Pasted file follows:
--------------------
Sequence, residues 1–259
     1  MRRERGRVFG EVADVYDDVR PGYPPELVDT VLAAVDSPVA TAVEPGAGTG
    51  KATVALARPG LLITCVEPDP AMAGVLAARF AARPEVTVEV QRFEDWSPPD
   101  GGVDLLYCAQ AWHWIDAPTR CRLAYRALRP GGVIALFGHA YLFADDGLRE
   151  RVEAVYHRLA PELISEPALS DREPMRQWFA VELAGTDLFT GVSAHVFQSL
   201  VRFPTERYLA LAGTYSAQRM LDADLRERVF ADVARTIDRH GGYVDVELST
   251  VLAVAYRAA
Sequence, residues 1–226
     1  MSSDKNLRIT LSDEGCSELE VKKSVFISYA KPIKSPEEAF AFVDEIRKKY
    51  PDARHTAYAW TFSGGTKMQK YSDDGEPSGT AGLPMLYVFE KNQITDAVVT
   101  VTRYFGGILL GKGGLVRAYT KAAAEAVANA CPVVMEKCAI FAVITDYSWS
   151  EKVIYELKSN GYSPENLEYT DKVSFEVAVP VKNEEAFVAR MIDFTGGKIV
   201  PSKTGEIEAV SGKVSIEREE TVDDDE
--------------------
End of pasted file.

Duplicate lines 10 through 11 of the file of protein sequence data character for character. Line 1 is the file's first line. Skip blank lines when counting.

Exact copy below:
    51  PDARHTAYAW TFSGGTKMQK YSDDGEPSGT AGLPMLYVFE KNQITDAVVT
   101  VTRYFGGILL GKGGLVRAYT KAAAEAVANA CPVVMEKCAI FAVITDYSWS